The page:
Purpose: Ovarian cancer remains a major threat to women's health, partly due to difficulty in early diagnosis and development of metastases. A critical need exists to identify novel targets that curb the progression and metastasis of ovarian cancer. In this study, we examined whether the nuclear receptor coregulator PELP1 (proline-, glutamic acid-, leucine-rich protein-1) contributes to progression and metastatic potential of ovarian cancer cells and determined whether blocking of the PELP1 signaling axis had a therapeutic effect. Experimental Design: Ovarian cancer cells stably expressing PELP1-shRNA (short hairpin RNA) were established. Fluorescent microscopy, Boyden chamber, invasion assays, wound healing, and zymography assays were performed to examine the role of PELP1 in metastasis. Expression analysis of the model cells was conducted using tumor metastasis microarray to identify PELP1 Target genes. Therapeutic potential of PELP1-siRNA in vivo was determined using a nanoliposomal formulation of PELP1-siRNA-DOPC (1,2-dioleoyl-sn-glycero-3-phosphatidylcholine) administered systemically in a xenograft model. Results: PELP1 knockdown caused cytoskeletal defects and significantly affected the migratory potential of ovarian cancer cells. Microarray analysis revealed that PELP1 affected the expression of selective genes involved in metastasis including Myc, MTA1, MMP2, and MMP9. Zymography analysis confirmed that PELP1 knockdown caused a decrease in the activation of matrix metalloproteases (MMP) 2 and MMP9. Compared with control siRNA-DOPC-treated mice, animals injected with PELP1-siRNA-DOPC had 54% fewer metastatic tumor nodules, exhibited a 51% reduction in tumor growth and an 84% reduction in ascites volume. Conclusion: The results suggest that PELP1 signaling axis is a potential druggable target and liposomal PELP1-siRNA-DOPC could be used as a novel drug to prevent or treat ovarian metastasis.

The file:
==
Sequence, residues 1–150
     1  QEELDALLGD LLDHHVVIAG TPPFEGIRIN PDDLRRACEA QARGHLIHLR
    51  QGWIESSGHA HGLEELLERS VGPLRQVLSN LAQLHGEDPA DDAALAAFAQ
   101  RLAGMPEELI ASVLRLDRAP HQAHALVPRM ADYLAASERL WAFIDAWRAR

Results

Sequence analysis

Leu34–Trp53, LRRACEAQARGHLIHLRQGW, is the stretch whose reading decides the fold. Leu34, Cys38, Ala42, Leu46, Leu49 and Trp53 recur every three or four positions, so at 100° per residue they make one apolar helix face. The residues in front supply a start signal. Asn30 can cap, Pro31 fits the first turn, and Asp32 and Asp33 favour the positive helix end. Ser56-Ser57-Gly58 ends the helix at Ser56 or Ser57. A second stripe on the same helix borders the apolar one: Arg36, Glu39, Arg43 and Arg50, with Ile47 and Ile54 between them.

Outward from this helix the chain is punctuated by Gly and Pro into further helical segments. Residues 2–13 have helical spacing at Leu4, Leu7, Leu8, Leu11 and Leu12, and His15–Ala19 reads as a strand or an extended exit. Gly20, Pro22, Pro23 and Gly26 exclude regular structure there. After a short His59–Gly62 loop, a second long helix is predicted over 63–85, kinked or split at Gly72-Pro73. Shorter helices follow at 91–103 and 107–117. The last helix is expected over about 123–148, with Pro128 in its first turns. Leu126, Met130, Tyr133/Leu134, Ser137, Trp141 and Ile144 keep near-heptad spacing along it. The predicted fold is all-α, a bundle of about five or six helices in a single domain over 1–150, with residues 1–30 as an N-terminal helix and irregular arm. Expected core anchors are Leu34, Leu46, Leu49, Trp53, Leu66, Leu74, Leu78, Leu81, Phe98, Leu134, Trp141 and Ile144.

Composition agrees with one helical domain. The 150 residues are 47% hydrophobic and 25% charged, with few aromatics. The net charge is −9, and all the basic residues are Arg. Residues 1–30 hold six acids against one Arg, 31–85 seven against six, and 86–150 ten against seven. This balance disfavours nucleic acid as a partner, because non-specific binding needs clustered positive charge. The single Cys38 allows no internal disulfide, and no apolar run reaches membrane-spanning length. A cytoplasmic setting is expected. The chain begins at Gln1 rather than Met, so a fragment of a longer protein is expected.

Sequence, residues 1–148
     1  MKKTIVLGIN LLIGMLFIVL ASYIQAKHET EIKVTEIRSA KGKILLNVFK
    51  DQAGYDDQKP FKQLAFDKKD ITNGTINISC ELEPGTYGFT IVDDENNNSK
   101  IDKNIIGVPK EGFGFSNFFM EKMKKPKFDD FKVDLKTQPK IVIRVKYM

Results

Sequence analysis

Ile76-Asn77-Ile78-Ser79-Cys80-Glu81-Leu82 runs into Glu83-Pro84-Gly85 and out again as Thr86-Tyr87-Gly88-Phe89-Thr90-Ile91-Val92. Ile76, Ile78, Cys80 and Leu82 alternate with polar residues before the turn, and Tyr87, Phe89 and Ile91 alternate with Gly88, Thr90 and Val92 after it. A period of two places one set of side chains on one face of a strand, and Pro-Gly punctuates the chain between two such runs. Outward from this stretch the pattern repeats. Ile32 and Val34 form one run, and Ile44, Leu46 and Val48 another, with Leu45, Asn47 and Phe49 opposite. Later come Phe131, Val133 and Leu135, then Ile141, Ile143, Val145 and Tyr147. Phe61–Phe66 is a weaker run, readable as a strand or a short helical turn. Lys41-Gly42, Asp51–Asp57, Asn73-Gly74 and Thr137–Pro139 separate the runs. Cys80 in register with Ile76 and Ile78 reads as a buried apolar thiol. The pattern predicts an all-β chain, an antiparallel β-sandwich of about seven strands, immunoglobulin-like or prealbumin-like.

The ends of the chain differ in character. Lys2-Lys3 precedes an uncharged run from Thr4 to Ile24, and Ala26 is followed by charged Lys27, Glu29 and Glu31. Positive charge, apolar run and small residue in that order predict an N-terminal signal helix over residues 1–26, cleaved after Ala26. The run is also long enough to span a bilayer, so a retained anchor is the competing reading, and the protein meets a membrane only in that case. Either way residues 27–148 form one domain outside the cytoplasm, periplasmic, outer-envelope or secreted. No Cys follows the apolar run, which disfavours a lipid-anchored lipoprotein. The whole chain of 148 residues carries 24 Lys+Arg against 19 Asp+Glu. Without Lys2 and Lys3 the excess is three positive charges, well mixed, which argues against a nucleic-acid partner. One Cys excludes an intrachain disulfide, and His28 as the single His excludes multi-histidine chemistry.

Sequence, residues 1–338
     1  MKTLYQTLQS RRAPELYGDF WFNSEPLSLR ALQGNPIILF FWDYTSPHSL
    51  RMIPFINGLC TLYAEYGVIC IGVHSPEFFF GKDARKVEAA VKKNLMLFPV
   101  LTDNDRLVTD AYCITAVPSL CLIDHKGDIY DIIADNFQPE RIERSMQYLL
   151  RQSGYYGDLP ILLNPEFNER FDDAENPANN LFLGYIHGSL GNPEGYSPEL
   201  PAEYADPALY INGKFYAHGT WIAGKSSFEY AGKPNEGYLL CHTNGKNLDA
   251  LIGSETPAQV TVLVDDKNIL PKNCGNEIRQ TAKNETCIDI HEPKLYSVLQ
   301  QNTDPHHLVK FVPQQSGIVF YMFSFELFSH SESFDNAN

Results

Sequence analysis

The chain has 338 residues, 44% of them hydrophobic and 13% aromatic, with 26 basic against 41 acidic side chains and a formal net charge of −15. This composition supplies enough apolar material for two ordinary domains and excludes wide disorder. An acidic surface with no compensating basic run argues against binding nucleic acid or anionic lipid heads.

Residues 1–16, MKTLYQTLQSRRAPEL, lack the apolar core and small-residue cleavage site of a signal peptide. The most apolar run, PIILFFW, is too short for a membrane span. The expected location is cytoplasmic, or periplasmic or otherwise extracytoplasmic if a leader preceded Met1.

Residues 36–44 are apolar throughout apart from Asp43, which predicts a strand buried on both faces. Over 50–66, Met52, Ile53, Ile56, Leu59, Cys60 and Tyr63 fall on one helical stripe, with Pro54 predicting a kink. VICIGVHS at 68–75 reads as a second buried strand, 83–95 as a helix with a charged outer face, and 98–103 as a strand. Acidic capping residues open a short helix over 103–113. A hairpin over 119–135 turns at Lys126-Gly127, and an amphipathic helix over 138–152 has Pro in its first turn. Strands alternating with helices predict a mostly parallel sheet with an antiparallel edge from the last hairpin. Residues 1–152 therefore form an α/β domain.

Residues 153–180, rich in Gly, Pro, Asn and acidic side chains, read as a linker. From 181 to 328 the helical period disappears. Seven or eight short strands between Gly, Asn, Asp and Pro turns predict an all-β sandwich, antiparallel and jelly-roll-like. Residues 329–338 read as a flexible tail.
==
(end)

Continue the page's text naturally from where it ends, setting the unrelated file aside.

ASJC Scopus subject areas
- Cancer Research